1302 Pages 30 B/W Illustrations
    by Routledge

    Emotions punctuate almost all significant events in our lives, but their nature, causes, and consequences are among the least well understood aspects of human experience. It is easier to express emotions than to describe them and even harder to analyse and explain them.

    Despite their apparent familiarity, emotions are an extremely subtle and complex topic. Unfortunately, the topic was neglected by philosophers and scientists in the past. In recent decades, however, interest in the emotions has grown considerably among scholars and students from many disciplines, as well as among the public at large. If there is to be any progress in this theoretically and practically important field, not only is a broad philosophical examination of basic concepts and issues essential (drawing both on analytical philosophy and phenomenology), but also an interdisciplinary approach that combines philosophical analysis with other types of scientific research (such as psychology, anthropology, history, sociology, and brain sciences). The clarification of basic emotional concepts as well as the unification of linguistic usages across disciplines and natural languages are necessary for integrating the growing body of interdisciplinary emotional research (e.g., does the traditional German "Gefühl" correspond to "feeling" or to "emotion"? and what about "Stimmung"?). The contemporary philosophy of emotions is equipped for this integrative task. It can provide us with a better and more comprehensive picture of the nature of emotions.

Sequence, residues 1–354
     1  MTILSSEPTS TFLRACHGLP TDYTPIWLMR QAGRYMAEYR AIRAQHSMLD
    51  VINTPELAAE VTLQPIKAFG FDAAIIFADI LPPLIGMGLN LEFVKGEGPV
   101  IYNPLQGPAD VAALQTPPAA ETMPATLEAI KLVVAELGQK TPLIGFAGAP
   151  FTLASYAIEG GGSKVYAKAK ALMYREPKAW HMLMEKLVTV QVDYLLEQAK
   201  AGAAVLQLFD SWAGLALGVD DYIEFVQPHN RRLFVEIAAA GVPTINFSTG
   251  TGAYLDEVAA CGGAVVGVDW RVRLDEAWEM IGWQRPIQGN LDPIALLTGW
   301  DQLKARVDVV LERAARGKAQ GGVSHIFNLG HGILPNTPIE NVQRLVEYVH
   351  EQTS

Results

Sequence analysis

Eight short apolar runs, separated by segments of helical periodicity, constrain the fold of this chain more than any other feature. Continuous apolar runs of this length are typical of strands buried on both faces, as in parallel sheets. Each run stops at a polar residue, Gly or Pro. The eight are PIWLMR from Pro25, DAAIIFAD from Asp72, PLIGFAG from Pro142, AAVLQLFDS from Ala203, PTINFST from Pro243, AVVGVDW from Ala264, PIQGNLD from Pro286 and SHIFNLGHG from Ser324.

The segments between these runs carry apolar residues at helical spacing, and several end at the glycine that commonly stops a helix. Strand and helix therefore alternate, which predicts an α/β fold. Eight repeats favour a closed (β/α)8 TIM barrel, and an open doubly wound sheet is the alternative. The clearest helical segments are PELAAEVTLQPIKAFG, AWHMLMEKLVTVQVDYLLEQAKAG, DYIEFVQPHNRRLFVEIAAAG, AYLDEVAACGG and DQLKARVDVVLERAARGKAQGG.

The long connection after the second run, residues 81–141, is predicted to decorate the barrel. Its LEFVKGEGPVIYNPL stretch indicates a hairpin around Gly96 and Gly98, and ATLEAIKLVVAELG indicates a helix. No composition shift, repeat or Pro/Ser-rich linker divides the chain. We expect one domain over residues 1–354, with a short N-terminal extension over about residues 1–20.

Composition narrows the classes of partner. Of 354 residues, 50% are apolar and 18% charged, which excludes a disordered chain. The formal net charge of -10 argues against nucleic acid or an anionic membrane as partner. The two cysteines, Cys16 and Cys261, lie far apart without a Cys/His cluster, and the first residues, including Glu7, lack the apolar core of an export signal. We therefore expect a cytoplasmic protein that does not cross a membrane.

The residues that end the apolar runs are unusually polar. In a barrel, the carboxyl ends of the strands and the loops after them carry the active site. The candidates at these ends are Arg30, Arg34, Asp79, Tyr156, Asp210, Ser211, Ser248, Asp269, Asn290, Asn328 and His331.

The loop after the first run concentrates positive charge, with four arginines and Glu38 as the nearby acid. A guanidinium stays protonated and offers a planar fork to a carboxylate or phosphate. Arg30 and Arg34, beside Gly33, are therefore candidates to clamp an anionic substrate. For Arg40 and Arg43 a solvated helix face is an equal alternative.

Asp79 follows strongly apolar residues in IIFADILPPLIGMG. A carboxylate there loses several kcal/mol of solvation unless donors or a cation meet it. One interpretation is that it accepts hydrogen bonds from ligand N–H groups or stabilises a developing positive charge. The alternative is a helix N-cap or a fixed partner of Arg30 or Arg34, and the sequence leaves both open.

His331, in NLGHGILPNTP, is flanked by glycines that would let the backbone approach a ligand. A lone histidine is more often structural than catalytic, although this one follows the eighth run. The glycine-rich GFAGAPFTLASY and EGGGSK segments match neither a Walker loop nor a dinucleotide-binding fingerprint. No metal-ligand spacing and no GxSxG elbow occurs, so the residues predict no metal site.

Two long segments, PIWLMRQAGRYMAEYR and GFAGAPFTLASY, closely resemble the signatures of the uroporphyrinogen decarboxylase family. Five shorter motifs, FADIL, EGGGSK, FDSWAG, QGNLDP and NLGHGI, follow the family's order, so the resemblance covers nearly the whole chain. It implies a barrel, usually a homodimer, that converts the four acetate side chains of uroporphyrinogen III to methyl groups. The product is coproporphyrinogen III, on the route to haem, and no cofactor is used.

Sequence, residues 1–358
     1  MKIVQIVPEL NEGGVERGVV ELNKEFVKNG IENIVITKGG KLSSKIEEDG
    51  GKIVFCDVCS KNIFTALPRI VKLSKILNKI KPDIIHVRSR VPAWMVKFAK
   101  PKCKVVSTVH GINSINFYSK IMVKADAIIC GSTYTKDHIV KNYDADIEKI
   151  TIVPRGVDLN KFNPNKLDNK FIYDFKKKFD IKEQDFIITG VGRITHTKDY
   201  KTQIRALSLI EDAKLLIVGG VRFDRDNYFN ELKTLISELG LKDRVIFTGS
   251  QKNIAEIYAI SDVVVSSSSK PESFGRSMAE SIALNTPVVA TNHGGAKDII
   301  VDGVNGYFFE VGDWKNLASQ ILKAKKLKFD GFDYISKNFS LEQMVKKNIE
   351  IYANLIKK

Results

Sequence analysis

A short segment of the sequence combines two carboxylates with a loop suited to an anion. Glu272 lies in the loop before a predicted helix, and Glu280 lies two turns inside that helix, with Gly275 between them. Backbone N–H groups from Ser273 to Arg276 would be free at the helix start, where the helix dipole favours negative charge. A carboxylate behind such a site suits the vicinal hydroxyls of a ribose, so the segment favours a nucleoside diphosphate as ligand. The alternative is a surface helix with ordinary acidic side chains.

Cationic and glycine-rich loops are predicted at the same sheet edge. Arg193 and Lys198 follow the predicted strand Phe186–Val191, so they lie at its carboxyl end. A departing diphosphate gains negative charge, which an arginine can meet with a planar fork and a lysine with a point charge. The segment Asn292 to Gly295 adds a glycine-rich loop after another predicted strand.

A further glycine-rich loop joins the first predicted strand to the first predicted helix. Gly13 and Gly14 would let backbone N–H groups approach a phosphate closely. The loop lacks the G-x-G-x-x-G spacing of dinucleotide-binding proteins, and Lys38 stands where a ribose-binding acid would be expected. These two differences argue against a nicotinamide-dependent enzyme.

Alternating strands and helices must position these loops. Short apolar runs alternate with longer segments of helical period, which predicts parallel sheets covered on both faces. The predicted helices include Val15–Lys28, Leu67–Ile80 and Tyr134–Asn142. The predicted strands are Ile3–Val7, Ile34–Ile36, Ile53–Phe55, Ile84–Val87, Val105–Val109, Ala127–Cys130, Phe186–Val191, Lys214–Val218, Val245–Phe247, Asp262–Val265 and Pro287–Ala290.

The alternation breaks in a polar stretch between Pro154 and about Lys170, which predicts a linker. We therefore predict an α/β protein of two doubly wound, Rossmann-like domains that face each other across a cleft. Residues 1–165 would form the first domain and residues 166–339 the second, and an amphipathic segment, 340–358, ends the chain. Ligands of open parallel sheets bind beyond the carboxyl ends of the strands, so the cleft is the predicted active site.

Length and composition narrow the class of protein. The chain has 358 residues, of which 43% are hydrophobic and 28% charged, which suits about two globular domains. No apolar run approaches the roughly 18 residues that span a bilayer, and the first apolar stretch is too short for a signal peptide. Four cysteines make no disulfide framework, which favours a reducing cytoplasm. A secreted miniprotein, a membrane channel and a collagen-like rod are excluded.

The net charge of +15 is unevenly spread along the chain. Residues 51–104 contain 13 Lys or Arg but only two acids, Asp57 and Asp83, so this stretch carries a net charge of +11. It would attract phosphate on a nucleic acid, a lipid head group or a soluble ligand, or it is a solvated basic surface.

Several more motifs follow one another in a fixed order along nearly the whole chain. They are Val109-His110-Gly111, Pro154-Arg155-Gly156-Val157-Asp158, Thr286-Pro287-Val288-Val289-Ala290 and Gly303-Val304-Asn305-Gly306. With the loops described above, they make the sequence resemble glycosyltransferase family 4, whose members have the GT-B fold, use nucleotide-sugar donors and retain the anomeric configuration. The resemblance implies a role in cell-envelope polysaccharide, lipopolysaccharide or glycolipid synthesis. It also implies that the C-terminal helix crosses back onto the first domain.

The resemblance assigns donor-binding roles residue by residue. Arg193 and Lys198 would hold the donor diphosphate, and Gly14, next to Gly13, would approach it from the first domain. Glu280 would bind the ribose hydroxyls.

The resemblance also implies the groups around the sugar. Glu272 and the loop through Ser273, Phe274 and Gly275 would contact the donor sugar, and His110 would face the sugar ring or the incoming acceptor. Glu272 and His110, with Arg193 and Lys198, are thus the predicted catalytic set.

Volume I: The nature of emotions